An eclectic range of books from my annual pilgrimage to Ann Arbor, MI. Unfortunately, the anthology series I was most excited about—Best of New Worlds and Orbit—were lacking from the shelves of Dawn Treader Books….
World’s Best Science Fiction: 1967 (1967) contains stories famous stories by Philip K. Dick, Roger Zelazny (2xs), R.A. Lafferty, Michael Moorcock, Frederick Pohl, Brian W. Aldiss, and lesser known stories by Dannie Plachta, Paul Ash, Bob Shaw, A. A. Walde….
Also, I also procured a 1967 Nebula-nominated novel by Hayden Howard, more Richard Holdstock, and a collection containing the famous short story “Beyond Bedlam” (1951). Over the next few weeks I’ll post the rest of my acquisitions.
1. The Eskimo Invasion, Hayden Howard (1967)
(Stephen Miller’s (?) cover for the 1967 edition) Continue reading Updates: Recent Science Fiction Acquisitions No. CXLVI (Holdstock + Howard + Guin + Anthology with Zelazny, Pohl, Dick, Aldiss, et al.)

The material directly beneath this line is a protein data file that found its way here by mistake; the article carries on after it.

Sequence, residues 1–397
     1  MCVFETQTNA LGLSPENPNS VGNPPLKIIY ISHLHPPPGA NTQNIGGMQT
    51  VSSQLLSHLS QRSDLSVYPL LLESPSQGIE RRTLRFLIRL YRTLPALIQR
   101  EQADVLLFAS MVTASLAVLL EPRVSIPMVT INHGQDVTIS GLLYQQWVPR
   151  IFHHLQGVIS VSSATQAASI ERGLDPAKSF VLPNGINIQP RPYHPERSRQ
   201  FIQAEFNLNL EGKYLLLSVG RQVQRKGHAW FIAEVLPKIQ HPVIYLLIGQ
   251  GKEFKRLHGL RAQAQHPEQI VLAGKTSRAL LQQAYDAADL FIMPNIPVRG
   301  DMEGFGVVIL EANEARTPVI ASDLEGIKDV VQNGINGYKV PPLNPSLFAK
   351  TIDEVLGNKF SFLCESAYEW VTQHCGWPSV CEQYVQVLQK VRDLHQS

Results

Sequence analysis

An eclectic collection of 70s SF…. Two virtually unknown authors (Gawron + Pfeil) and two authors slightly better known by SF fans (Platt + Cowper).
I’ve not been impressed with Platt in the past—for example, maybe you all remember my review for Garbage World (1966) or Planet of the Voles (1971)? But, nothing peeks my interest more than future urbanization gone amok… [2theD’s review: here].
Richard Cowper’s work intrigues but I often find it on the slight side. See my reviews of The Custodian and Other Stories (1976) and Profundus (1979). The book I procured below is considered his most famous although the premise does little to inspire….
Donald J. Pfeil wrote three novels (SF encyclopedia is somewhat dismissive of all three) and remains best known for editing the short-lived Vertex magazine: according to SF encyclopedia, “in quality [Vertex] was the strongest of the new sf magazines from the first half of the 1970s.” Unfortunately, it ran into financial problems and folded after only a few years…. Might be worth collecting!
1. An Apology for Rain, Jean Mark Gawron (1974)
(Margo Herr’s cover for the 1974 edition) Continue reading Update: Recent Science Fiction Acquisitions No. CXLV (Platt + Cowper + Gawron + Pfeil)